Republican gubernatorial candidate for Connecticut Bob Stefanowski’s favorability rating gained a lead of 2.4 percentage points over Democrat Ned Lamont, according to Sacred Heart University’s poll.
The poll, published Thursday, showed Stefanowski had a net gain of 3.8 percentage points, due mainly to the fact that more voters are making set decisions about their preferred candidates as election day draws nearer. While Stefanowski has gained a lead among likely voters, Sacred Heart clarified that the overall data indicated “a statistical tie” between Lamont and Stefanowski. (RELATED: Connecticut’s Republican Governor Makes The Case For Flipping The State In The Midst Of A Tight Race)
Still, Stefanowski appears to be gaining some momentum while Lamont is shown to have polled less favorably with certain demographics than in previous months.
The poll showed 38.4 percent of Connecticut voters have a “favorable” view of Lamont compared to 40.8 percent who have an “unfavorable view” of him.
“The poll shows 41.6 percent of likely voters have a ‘favorable’ view of Stefanowski, while 34.4 percent have an ‘unfavorable’ view. Voters with a favorable view of Stefanowski increased from 34.9 percent in October,” Sacred Heart said in a press release, according to Fox61. The poll itself, however, shows a 37.8 percent unfavorable view of him.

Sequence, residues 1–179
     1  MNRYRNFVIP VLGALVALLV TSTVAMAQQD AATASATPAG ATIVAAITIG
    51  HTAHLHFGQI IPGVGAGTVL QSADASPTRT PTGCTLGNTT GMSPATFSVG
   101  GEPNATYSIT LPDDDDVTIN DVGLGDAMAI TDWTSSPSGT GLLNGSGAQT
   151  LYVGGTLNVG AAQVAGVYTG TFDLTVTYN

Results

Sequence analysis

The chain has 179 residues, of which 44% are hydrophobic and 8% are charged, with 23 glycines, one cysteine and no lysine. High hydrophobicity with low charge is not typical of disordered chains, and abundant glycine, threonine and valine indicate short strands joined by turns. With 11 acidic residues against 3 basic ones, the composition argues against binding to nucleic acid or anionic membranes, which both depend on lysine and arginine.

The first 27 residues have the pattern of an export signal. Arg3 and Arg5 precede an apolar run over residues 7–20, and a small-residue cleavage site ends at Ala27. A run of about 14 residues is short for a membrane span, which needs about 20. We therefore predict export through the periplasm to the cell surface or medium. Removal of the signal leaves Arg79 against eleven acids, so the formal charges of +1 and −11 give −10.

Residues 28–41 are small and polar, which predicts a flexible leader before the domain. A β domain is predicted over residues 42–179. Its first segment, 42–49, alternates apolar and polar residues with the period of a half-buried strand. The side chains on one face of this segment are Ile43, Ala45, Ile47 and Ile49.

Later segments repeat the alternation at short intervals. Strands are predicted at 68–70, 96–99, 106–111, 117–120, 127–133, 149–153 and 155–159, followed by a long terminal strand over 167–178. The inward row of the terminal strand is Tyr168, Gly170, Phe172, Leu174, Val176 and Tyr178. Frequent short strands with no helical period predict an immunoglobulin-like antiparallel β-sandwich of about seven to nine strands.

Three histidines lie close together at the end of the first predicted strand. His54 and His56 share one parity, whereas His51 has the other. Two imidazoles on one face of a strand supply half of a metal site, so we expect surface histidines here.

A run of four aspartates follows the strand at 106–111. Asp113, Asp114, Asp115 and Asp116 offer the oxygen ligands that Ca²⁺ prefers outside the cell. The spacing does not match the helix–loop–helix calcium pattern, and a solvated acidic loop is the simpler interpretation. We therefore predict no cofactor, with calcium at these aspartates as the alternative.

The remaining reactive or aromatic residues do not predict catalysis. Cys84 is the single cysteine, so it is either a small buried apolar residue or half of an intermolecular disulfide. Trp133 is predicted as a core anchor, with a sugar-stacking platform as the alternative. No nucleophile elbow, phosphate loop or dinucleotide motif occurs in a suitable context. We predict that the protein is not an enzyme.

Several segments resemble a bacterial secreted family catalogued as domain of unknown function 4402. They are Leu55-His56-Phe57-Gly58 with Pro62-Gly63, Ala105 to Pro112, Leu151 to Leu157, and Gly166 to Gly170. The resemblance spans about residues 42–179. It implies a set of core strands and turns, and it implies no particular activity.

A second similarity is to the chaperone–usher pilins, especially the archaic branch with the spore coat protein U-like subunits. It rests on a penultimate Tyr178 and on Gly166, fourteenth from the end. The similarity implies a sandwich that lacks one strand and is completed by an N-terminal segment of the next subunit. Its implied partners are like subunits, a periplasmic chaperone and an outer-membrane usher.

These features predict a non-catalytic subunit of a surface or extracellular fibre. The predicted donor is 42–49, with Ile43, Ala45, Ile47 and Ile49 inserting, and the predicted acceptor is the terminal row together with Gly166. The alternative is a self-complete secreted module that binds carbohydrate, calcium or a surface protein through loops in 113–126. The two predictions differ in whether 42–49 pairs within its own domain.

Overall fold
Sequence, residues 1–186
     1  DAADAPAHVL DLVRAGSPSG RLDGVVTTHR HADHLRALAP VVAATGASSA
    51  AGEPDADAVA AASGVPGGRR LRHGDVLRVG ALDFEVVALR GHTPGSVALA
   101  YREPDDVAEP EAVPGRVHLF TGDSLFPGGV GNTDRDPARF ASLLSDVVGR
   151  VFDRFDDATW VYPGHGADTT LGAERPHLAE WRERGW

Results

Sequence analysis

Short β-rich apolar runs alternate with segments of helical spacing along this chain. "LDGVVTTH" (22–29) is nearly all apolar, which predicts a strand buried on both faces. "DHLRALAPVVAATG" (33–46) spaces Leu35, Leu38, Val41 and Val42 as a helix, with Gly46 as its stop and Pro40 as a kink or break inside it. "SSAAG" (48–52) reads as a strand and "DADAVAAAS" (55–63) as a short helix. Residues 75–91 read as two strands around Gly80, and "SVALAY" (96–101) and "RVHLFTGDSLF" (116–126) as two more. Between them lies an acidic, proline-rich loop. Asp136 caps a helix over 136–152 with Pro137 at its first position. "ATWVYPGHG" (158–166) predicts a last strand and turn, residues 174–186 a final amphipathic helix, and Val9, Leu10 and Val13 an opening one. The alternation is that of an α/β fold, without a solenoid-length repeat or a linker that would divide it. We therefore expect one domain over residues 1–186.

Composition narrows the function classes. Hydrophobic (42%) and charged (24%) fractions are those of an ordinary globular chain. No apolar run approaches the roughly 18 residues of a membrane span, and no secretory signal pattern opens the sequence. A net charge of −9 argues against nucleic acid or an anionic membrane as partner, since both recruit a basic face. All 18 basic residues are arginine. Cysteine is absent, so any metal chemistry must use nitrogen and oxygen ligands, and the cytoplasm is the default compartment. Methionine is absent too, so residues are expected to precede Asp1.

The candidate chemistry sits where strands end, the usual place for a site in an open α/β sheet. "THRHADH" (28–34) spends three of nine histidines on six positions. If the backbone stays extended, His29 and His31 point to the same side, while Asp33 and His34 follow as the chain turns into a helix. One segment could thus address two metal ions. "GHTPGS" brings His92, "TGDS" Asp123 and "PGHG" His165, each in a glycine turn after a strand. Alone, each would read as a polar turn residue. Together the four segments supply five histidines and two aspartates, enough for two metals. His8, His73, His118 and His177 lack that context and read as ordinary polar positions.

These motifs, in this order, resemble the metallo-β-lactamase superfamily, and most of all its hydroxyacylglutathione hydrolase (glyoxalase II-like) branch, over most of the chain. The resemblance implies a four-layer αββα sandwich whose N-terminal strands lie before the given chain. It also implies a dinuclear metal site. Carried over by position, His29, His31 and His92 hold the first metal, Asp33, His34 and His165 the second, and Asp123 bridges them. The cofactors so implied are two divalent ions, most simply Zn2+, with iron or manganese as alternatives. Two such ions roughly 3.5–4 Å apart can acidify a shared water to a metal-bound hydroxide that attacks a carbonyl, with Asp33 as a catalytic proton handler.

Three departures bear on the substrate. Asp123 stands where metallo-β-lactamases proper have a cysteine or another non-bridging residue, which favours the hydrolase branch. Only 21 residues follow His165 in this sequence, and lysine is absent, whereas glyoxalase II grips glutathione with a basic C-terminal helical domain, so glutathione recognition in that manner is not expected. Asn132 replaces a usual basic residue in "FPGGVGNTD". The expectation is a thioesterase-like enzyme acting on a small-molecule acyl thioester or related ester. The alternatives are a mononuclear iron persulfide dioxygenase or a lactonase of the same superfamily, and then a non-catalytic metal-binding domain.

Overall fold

Lamont’s October favorability rating among women of 50 percent took a major dip to 40.8 percent. He also continues to lag behind in support among male voters, with a rating of 34.4 percent, while Stefanowski’s approval rating among males holds steady at 45.2 percent.
Democrats hope to maintain trifecta control of Connecticut, which they have had since 2011 with Democratic Gov. Dannel Malloy, with the office of the governor and majorities in the state’s Senate and House of Representatives. History, however, is not on their side, as Connecticut has not elected a governor of the same political party as the outgoing governor since 1924, BallotPedia reports.
Sacred Heart conducted its latest poll among likely voters from Oct. 29 to 31.
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